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Project "Free Jeep" a.k.a Project "FJ" - part #45
 
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(02/16/08) I was able to get out and flip the transfer case and cover up the underside open parts and spray it down in the morning when I got up. Because I did that, I was able to go out last night and get the unsprayed areas sanded down and ready to accept the new bearings, seals and gears.
 
 
Just doing that was not enough however. The rear output shaft and the front input shaft needed to be further broken down and cleaned up. There are bearing races and seals in these two items and need to be replaced. These parts are included in the kit.
 
 
I painted up the 2 remaining parts that needed cleaning and painting and I moved onto disassembling the gears that needed to be rebuilt. The front bearing looks similar to the T-18 Ford bearing, and it needs to be removed with a weird internal snap ring. It is not removed in the traditional way. I used 2 screwdrivers and was able to get it out. I was then able to use the vise to lightly tap out the shaft from the bearing. None of the instructions indicated that I should rebuild it at this point, so I am going to wait until tomorrow to rebuild everything.
 
 
I finished off the night by taking a picture of all the parts that go into the transfer case. It is truly amazing that, first, someone thought this up, and second, that all those parts fit so snugly into a small case and with all those part, they end up giving you 4-wheel drive.

cb (02/16/08)
 
 
(02/17/06) I spent 7 hours in the garage today. I was able to start putting the transfer case back together. I followed the directions pretty much word for word. I also copied the TSM directions and followed them. It turned out good so far. I will try to give a play by play as to what I was able to accomplish.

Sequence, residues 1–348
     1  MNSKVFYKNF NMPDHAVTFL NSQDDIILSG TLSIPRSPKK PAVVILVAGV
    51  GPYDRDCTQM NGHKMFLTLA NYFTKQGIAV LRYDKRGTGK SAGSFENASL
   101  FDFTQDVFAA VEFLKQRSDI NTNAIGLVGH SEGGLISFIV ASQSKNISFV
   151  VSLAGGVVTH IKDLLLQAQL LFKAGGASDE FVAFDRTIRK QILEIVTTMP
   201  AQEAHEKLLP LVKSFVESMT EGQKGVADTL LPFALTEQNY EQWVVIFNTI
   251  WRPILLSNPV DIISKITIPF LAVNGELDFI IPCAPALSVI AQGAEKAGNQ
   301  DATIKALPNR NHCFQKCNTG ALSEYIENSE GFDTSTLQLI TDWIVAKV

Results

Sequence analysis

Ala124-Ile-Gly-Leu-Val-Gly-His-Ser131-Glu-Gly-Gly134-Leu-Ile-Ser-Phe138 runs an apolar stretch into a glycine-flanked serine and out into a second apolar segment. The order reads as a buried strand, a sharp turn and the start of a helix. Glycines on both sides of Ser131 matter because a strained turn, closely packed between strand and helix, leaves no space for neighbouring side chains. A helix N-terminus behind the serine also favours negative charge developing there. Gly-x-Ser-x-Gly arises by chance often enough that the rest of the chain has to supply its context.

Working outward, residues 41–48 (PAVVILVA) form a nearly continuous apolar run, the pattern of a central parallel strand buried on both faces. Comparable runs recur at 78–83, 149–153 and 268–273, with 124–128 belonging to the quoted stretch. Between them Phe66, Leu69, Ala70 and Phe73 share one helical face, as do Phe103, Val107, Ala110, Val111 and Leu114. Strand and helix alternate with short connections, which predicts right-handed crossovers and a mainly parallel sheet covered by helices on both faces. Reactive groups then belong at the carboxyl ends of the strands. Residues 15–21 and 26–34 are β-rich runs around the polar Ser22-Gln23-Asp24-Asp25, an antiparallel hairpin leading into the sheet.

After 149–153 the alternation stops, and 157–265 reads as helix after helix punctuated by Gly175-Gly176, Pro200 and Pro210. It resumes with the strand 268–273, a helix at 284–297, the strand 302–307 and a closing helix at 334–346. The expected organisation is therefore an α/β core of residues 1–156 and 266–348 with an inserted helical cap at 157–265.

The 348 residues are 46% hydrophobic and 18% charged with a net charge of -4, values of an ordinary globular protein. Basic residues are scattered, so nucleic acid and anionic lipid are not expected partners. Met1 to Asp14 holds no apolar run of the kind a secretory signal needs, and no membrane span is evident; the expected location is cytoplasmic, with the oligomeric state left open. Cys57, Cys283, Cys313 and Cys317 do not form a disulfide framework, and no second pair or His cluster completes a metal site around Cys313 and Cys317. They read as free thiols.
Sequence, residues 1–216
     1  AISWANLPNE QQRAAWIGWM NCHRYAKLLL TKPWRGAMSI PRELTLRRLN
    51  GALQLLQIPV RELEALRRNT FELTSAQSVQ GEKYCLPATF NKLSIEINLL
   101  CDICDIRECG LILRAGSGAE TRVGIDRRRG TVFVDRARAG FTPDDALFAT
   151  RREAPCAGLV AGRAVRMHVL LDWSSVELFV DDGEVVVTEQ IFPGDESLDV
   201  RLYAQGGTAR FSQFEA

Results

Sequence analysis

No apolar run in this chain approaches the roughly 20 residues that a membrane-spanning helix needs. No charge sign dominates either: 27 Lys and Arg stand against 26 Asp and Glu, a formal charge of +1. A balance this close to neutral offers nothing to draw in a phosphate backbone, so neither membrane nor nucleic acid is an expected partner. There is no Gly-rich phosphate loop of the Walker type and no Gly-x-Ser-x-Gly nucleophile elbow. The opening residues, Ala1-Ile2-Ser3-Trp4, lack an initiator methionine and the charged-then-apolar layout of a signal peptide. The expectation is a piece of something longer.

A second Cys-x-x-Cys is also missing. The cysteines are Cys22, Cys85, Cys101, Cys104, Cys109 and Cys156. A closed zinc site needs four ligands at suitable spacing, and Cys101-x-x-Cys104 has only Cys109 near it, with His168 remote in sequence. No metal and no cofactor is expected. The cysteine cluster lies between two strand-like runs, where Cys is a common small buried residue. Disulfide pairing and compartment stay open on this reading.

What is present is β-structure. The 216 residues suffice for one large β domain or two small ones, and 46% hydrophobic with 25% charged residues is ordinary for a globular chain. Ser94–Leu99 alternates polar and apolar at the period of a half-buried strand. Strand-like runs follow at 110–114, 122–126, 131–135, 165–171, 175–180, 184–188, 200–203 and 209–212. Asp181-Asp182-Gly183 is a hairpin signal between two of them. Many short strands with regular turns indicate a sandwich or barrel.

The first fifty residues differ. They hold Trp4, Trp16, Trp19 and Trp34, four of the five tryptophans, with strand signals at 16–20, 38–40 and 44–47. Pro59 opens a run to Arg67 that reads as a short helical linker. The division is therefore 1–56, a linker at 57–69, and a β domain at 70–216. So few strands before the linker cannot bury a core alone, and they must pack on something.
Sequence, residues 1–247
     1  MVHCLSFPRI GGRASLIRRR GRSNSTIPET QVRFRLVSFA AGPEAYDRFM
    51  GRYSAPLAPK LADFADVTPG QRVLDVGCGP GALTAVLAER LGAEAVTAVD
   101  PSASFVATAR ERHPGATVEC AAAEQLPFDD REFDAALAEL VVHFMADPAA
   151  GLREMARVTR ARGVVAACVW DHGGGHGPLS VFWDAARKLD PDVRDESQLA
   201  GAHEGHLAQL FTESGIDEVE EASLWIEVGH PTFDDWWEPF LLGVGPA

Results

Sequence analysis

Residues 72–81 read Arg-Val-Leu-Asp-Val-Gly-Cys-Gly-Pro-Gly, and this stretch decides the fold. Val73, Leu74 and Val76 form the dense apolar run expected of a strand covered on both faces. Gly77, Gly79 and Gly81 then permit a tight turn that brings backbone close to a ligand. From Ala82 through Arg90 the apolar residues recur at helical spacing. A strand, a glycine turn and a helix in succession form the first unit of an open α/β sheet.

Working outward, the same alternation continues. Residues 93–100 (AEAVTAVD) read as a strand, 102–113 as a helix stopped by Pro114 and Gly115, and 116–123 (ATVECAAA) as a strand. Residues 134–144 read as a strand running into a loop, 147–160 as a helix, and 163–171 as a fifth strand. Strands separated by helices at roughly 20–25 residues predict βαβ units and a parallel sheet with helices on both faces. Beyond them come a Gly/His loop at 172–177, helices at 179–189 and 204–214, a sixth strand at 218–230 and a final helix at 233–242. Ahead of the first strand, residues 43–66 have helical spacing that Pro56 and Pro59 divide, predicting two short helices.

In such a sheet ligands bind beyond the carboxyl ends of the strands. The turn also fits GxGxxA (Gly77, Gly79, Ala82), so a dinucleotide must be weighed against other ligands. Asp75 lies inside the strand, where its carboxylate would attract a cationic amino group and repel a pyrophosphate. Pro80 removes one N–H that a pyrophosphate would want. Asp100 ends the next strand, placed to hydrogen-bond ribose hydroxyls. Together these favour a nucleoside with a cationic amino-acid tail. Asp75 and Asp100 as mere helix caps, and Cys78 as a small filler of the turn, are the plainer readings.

As I stated earlier, a press is VERY helpful during the reassembly process. It starts by putting the input shaft together, placing the assembly in the case, putting the weird bearing race in the shaft, and then finally putting the oil seal in the retainer. With that done, the input bearing was pressed into place and then the snap ring was installed. This takes a little doing, but it is pretty easy to do, once you figure out what is stationery and what is moving.
 
 
 
I then moved onto the rear and was able to put some oil seals in, some new bearings, and finally some new races. Remember that there was A LOT of cleaning done during this process, some sanding, and finally some painting. If you want to do this, you have to really plan this out. It is a bit overwhelming when you take this apart, but it is all-doable if you just keep it organized.

Finally, the yokes were put on, the clutch sleeves were put in place and some of the parts were replaced. The shift rods were then sanded down a bit with emery cloth and then put in place. I then put the setscrews in place and made sure everything shifted correctly. With that all done, one final picture was taken to show how little is left to do. We will see if that is actually correct or not.

cb (02/17/08)
 
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